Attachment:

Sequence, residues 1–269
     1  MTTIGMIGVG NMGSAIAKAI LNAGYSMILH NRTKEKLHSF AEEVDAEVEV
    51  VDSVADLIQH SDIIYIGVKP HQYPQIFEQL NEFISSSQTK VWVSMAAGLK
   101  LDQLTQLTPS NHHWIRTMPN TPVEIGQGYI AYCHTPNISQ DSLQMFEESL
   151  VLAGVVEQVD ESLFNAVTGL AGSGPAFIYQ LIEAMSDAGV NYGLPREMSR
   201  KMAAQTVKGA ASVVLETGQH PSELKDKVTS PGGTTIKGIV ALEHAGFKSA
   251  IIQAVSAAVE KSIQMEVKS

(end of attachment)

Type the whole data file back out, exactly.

Sequence, residues 1–269
     1  MTTIGMIGVG NMGSAIAKAI LNAGYSMILH NRTKEKLHSF AEEVDAEVEV
    51  VDSVADLIQH SDIIYIGVKP HQYPQIFEQL NEFISSSQTK VWVSMAAGLK
   101  LDQLTQLTPS NHHWIRTMPN TPVEIGQGYI AYCHTPNISQ DSLQMFEESL
   151  VLAGVVEQVD ESLFNAVTGL AGSGPAFIYQ LIEAMSDAGV NYGLPREMSR
   201  KMAAQTVKGA ASVVLETGQH PSELKDKVTS PGGTTIKGIV ALEHAGFKSA
   251  IIQAVSAAVE KSIQMEVKS